Salty water causes serious health hazard to women
Sidr, Aila Victim
Fatema Khatun, a 17-year-old expectant mother, from Joymonigola village near the port of Mongla in Southern Bangladesh is suffering from various kinds of diseases due to lack of fresh water raising serious concern over the health of women in the area.
Any-one can tell from her eyes that she is suffering from anaemia with rashes all over her body. People contract such skin diseases if they use salty water.
Anaemia is the scarcity of hemoglobin in the blood and the major health consequences include poor pregnancy outcome, impaired physical and cognitive development and increased risk of morbidity in children and reduced work productivity in adults.
According to the World Health Organisation (WHO), anaemia contributes to 20 per cent of all maternal deaths.
Different research report shows that maternal and child mortality rates are rising due to pre-eclampsia.
Not only women and girls but also children are suffering from water-borne and skin diseases.
"I feel dry and itchy rash in few parts of my body. Sometimes I feel like my whole body is getting burned that make me more thirsty," said Fatema, who is hardly aware of the basic education and health services for safe pregnancy and childbirth.
Fatema, unclean and uncombed, said she can bathe once in a week with only a half bucket of water as her skin disease aggravated for her pregnancy.
"My family buys 15 litres of fresh drinking water for Tk30 every day. We have to go three miles away by Nashimon, an improvised transport, to buy water," she said.
Six-month pregnant Fatema whose husband Gafur Molla is a fisherman said the life for them was getting harder.
Few ponds are dug out on land a bit higher than sea level so that salty water cannot flood it during the monsoon season and rainwater can be preserved.
These ponds are no more a good source for anything. They are now used for crab and prawn farming.
Joymonigola is a village that is under threat of imminent inundation due to sea level rise caused by climate change.
South-Western coastal people always struggle against natural disasters every year. Lives and livelihoods of the people in this region are at high risk of super cyclones such as Sidr and Aila.
After every cyclone sea water floods the whole region turning the fresh water salty posing serious health hazard to people of the different parts of the areas.
During the dry season, 50 million people in three districts of 16 sub-districts suffer from acute water crisis at the Sharonkhola front of the Sundarbans in the west of Shyamnagar.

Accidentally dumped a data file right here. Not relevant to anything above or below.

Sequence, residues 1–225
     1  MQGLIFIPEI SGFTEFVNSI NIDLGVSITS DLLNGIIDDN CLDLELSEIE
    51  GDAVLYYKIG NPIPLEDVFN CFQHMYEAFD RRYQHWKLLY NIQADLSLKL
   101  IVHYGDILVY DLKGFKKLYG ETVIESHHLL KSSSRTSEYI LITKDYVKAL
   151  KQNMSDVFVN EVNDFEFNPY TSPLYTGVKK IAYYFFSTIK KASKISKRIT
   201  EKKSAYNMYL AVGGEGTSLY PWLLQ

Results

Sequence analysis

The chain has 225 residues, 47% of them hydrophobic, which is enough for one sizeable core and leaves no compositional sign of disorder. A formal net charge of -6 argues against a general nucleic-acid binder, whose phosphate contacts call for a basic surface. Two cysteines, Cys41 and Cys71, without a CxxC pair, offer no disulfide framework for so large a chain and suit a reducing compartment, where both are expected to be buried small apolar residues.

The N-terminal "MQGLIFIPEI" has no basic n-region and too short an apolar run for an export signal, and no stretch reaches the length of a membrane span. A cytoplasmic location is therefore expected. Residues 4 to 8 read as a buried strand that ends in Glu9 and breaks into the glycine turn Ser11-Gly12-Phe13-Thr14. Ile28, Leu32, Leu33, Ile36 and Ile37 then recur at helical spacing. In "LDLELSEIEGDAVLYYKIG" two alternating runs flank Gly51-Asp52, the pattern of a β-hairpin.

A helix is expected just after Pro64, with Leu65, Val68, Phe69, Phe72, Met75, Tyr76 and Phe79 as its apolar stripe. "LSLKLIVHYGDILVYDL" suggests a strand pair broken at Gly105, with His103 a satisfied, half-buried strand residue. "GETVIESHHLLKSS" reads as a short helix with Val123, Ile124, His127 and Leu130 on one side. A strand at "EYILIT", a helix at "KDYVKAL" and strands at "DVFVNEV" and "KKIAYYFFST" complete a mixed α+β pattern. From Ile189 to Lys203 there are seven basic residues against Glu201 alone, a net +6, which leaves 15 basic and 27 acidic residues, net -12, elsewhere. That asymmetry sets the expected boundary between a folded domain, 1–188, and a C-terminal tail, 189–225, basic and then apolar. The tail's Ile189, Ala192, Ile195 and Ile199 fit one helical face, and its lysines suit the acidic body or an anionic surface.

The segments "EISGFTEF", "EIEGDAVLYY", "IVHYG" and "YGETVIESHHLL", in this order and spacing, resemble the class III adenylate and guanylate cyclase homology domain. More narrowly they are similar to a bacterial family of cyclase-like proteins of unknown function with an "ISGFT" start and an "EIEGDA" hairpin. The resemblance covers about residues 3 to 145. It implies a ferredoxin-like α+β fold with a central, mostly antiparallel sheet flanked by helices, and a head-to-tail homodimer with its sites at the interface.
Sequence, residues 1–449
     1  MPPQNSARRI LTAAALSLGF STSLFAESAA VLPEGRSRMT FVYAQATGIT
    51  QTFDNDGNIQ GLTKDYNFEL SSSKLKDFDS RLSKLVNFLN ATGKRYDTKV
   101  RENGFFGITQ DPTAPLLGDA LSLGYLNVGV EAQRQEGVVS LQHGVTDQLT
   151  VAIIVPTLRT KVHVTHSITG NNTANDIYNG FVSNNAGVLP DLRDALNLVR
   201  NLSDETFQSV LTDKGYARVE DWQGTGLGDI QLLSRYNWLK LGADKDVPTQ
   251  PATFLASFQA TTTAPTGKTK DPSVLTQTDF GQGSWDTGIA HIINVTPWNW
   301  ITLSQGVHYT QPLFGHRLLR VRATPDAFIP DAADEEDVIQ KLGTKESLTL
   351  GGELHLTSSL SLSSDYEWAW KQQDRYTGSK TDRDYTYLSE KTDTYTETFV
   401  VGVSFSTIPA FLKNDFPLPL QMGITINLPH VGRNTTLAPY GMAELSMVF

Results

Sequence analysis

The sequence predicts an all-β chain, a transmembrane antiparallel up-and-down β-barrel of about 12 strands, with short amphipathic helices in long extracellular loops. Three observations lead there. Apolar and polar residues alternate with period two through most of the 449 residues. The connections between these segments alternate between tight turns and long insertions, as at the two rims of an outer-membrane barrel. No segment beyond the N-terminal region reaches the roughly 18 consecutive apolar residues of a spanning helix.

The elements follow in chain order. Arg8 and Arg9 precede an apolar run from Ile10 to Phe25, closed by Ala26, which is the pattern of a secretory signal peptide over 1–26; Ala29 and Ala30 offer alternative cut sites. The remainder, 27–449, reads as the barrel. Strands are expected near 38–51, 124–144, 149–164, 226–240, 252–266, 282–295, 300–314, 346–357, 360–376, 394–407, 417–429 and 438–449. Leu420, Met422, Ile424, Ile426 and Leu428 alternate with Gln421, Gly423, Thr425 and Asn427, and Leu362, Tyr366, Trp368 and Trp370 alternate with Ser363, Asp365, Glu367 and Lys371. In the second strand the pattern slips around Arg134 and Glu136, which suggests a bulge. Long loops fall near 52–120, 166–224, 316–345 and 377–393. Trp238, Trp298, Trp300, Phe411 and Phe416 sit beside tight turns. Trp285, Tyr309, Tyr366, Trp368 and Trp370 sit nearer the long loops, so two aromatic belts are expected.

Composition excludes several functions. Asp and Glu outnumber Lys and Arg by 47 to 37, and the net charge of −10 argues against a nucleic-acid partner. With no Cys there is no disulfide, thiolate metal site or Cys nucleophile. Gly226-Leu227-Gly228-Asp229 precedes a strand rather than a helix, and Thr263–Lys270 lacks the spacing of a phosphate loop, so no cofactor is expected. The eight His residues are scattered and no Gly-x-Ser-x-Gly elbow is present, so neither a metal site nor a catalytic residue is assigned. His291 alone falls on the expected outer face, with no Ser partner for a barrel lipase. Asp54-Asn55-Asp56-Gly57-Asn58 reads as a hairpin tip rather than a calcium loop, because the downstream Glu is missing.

Especially Bagerhat, Sharankhola, Mongla, Chitalmari, Kaira, Dacope, Paikgacha of Khulna have to face water crisis.
Inhabitants of Shyamnagar of Shatkhira and Dumuria, Kaira and Batiaghata of Khulna, Ashasuni, Kaliganj, Debhata, Tala, Bagerhat Sadar, Rampal and Morelganj are still deprived of pure drinking water.
Selina Begum, 39, another neighbour of the same village, whose younger daughter died last year while giving birth to a baby, said they had failed to ensure her menstrual hygiene due to lack of water.
"Even we preserve small amounts of fresh water for domestic animals. So fresh water for menstrual hygiene is beyond our imagination, Selina, a mother of four children and also a fry collector in the Shela river, said while talking to this correspondent.
Not only Fatema, Gonai Bibi is also in her advanced level of pregnancy. She said she had had miscarriages twice. She is also suffering from anaemia.
"Every bit of water is very precious to us because we pay for it. We use the water only to meet the most essential demands. I cannot afford to use fresh water to take my bath. I use the salty water from my ponds and get affected from it," she said.
Researchers say saline water has a negative impact on the health of mothers and children also, including more cases of (pre)eclampsia and gestational hypertension in pregnant women, and a higher rate of infant mortality in this area.
Hypertensive disorders in pregnancy are among the leading causes of maternal and perinatal mortality in low-income countries like Bangladesh.
According to the report of Deutsche Welle (DW), nearly 200,000 women and adolescent girls in the coastal area close to the Sundarbans, including Ashashuni and Shyamnagar upazilas in Shatkhira, Mongla and Sharankhola of Bagerhat, Dakop and Paikgacha of Khulna, are at risk.
Dr Afroza, a gynecologist of BIRDAM, said good hygiene during pregnancy will prevent infections, keep a mother comfortable and make her feel more refreshed.